Simply put lets postulate that company A owns the patent to swipe sideways to unlock a smartphone or tablet home screen. Unless company B (or BB or MS) pay some usually totally arbitrary and extraordinary amount to company A it cannot use a side swipe.
US courts are sick of the bickering over whether one company copied another and have said that FRAND interpretations must be fully exhausted before court action.
And this is where it gets interesting.
Fair has been largely interpreted as licensing cannot be used for anti-competitive outcomes. If people want to side-swipe (i.e. it is a definitive essential standard) then it is unreasonable for the patent owner to attempt to stop its use by imposing unreasonable license fees or conditions on company B. Courts take a dim view of this.
Reasonable is also a legal minefield. It stops company A charging differing rates to other companies just because it can. It levels the playing field.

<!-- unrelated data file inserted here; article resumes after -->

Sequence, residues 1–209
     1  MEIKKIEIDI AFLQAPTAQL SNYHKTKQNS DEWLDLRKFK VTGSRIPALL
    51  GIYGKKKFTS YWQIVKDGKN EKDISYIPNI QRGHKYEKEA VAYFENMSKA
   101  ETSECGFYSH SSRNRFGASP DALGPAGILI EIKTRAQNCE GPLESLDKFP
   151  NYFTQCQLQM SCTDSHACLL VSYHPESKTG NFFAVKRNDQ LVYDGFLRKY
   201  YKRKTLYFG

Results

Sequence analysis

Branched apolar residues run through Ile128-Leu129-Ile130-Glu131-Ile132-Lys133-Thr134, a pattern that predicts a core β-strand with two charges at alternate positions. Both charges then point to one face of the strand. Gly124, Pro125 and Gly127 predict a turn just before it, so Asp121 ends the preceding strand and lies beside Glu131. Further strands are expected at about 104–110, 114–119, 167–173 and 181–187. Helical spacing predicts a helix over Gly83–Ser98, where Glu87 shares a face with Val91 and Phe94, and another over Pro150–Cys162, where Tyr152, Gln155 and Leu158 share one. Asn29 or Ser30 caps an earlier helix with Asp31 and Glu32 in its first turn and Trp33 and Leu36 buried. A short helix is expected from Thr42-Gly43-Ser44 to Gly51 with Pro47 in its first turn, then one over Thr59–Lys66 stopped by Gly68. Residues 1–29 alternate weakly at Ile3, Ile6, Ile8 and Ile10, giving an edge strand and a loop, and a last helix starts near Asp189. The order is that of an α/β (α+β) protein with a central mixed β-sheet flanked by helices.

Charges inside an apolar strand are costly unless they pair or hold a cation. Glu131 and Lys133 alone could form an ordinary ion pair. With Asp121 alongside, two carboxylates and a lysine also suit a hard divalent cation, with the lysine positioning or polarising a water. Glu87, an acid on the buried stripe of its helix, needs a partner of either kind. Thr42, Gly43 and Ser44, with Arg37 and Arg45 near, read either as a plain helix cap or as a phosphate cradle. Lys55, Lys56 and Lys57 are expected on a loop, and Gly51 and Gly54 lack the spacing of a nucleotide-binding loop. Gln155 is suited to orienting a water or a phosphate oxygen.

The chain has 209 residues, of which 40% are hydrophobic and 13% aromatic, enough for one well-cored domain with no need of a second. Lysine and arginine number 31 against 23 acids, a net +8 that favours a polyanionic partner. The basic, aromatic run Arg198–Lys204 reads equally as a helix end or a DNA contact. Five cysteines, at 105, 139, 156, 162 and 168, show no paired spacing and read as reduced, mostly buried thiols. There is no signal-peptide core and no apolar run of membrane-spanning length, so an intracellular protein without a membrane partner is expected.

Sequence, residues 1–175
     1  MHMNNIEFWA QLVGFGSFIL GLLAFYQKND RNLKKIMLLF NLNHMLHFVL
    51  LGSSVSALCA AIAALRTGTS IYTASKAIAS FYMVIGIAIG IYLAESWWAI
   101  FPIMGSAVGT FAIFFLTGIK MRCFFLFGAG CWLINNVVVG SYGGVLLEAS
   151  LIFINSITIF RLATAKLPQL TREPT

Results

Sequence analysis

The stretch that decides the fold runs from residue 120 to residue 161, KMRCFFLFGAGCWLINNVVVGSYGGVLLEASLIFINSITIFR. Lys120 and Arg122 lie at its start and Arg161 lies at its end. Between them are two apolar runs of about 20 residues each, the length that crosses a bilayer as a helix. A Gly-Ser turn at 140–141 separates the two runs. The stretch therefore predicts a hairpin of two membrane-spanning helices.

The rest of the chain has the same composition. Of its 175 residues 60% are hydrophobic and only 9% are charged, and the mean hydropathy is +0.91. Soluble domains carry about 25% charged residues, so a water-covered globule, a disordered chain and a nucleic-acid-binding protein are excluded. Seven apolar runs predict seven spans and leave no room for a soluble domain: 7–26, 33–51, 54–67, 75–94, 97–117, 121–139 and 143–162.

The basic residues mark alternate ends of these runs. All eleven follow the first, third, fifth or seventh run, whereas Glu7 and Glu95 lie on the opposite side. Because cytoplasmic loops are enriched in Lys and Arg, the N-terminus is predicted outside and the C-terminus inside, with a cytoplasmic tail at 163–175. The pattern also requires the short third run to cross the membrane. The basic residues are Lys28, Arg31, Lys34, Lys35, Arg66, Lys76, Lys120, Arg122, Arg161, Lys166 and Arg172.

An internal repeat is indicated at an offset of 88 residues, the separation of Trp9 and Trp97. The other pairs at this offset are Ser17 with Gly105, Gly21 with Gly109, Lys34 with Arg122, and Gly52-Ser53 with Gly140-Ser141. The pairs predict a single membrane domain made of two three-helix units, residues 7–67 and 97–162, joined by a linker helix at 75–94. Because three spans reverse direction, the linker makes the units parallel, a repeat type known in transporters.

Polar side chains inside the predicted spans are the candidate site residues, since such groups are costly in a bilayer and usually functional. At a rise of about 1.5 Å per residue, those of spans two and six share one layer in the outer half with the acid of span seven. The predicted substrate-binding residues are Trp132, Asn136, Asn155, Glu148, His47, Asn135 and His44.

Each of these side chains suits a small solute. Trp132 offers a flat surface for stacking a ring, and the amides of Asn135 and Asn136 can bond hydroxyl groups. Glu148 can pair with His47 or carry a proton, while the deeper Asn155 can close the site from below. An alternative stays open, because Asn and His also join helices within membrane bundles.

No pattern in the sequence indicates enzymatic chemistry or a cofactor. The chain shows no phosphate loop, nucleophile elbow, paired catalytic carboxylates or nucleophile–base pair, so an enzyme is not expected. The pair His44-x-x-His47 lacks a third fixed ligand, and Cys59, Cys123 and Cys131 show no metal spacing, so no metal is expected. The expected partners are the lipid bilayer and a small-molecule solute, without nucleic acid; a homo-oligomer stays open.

Non-discriminatory is a clever addition to the definition as it means that company A cannot preclude the use by another company because it does not like it or because it’s a competitor.
A recent ITC FRAND ruling was given over a dispute between RealTek v Agere over the formers use of 802.11 N WLAN. This acted as a precedent in another case between Samsung and Apple that will probably force Samsung to enter into FRAND negotiations instead of suing first.
Opinion: - I am not a lawyer…
At last – common sense and the phrase “Why can’t they just be FRANDS?” is being used as an effective caution.
FRAND is having some interesting side effects – vitriol and spite are no longer excuses for court action providing at least one party is prepared to have FRANDLY talks. See Microsoft and Google agree on YouTube Client .
It has also been used in the Microsoft and Motorola dispute where Motorola came off decidedly second best. I quote from Foss Patents
If someone initially demands $4 billion a year (Motorola), still seeks hundreds of millions later in the game, and is awarded less than $2 million (i.e., less than a 20th of a percent of the initial demand), he obviously didn't win -- and he's also highly likely to lose the second trial over the breach-of-contract claim….